Instruments utilized in the conventional HSG exam. Metallic cannula with rubber end; metallic cannula with metallic end; tenaculum
VHSG images obtained with a helical CT scanner. (a) Coronal multiplanar reconstruction which shows a normal uterine silhouette. (b) Virtual endoscopy image of the uterine cavity. (c) Axial multiplanar reconstruction which shows a filling defect over the right uterine horn compatible with an endometrial polyp (arrow). (d) Coronal multiplanar reconstruction which shows a large right hydrosalpinx (arrow)
As of November 1999 it was possible with the incorporation of a 4-slice CT scanner (the first in the country), to make certain changes in the CT acquisition parameters and have new and better reprocessing tools, which had great impact on the VHSG procedure’s final result. This new CT scanner (Picker-Marconi; Mx8000), was much faster than the CT units used until that moment. This new CT scanner had a rotation time of 0.5 s (double the speed of the spiral CT scanner) and offered 8 images per second. This improvement in the CT acquisition time allowed the VHSG to be performed in a shorter scan time of 25 s (average). At the same time, the slice thickness was reduced to 2 mm, hence the space resolution was enhanced and endocavitary lesions of scarce millimeters began to be detected. The images obtained were isotropic, which means they were constituted by cubic voxels, which avoids the loss of resolution when changing position in multiplanar reformats, tridimensional images or endoscopic views. The uterine cavity could be visualized better, but the Fallopian tubes still could not be opacified and visualized correctly in most studies (Figs. 2.3 and 2.4). For this reason the changes and improvements failed to achieve a breakthrough in the performance of the procedure .
VHSG images obtained with a 4-slice CT scanner. Normal study. (a) Coronal maximum intensity projection image. (b) Virtual endoscopy image
VHSG images obtained with a 4-slice CT scanner. Poor visualization of the Fallopian tubes. (a) Coronal maximum intensity projection image. (b) Oblique coronal 3D volume rendering image. (c) Virtual endoscopy image
Only in the year 2004, with the incorporation of a 16-slice CT scanner, significant improvements in VHSG studies could be achieved. These CT scanners had a rotation time similar to the 4-slice CT units (0.4 s), but thanks to a greater number of detector rows, they offered up to 40 images per second. Hence the studies could be acquired in only 12 s. In addition, improvements in space resolution with 1 mm slice thickness generated the possibility of a better evaluation of the Fallopian tubes, very limited until then. During this stage, research studies were carried out comparing the VHSG and the X-ray HSG in the evaluation of the uterine pathology and the Fallopian tubes. It was concluded from these studies that the VHSG correctly evaluated the cervical canal and uterine cavity pathology in the totality of the patients. However, only in 50 % of the cases, the visualization and evaluation of the Fallopian tubes were feasible. Despite the substantial improvements achieved by the VHSG technique, it wasn’t enough to compete with the X-ray HSG because in a large percentage of patients, Fallopian tube assessment could not be achieved [7, 8].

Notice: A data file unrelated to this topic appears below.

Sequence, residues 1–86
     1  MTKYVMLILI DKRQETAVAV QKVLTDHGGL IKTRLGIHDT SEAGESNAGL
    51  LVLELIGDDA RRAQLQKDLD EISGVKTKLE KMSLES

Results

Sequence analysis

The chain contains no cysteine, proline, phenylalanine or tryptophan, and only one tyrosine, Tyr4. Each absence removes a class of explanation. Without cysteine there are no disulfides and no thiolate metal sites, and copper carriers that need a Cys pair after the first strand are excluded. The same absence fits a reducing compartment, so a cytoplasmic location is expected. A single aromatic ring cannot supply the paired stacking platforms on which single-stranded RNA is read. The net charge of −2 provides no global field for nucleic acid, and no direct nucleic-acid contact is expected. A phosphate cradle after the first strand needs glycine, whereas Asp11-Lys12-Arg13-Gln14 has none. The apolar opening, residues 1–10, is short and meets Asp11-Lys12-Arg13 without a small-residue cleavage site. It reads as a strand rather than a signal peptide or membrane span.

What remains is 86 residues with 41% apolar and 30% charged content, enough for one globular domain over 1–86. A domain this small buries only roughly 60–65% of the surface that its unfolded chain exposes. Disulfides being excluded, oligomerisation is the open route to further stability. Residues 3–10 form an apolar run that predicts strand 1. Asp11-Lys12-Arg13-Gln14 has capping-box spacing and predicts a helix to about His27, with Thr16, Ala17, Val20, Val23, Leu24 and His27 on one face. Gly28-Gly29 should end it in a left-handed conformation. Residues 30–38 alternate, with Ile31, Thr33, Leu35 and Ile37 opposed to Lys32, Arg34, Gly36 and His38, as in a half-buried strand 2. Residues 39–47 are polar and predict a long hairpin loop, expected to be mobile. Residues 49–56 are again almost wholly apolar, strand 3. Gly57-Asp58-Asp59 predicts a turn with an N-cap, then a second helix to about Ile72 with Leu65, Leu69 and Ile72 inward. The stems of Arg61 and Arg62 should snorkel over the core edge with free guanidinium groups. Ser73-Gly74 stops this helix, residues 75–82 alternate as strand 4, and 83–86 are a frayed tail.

Simultaneously, another improvement was developed, the use of iodine-containing, nonionic, hypo-osmolar contrast media. Given its viscosity, these contrast media generated less discomfort in patients when distending the uterine cavity, and even more so in its passage to the peritoneal cavity. Afterwards, this type of iodine contrast agents began to be used diluted in saline solution, due to the fact that the density of the pure iodine contrast instilled in the cervix, uterus and tubes was high and, in certain cases, produced image artifacts which made impossible a precise view and diagnosis of endoluminal pathology. These contrast media dilutions allowed clear improvements in the image quality. During this stage, the physicians and technologist who performed the procedure remained in the CT room during the image acquisition to instill the contrast media into the uterine cavity, which was done manually.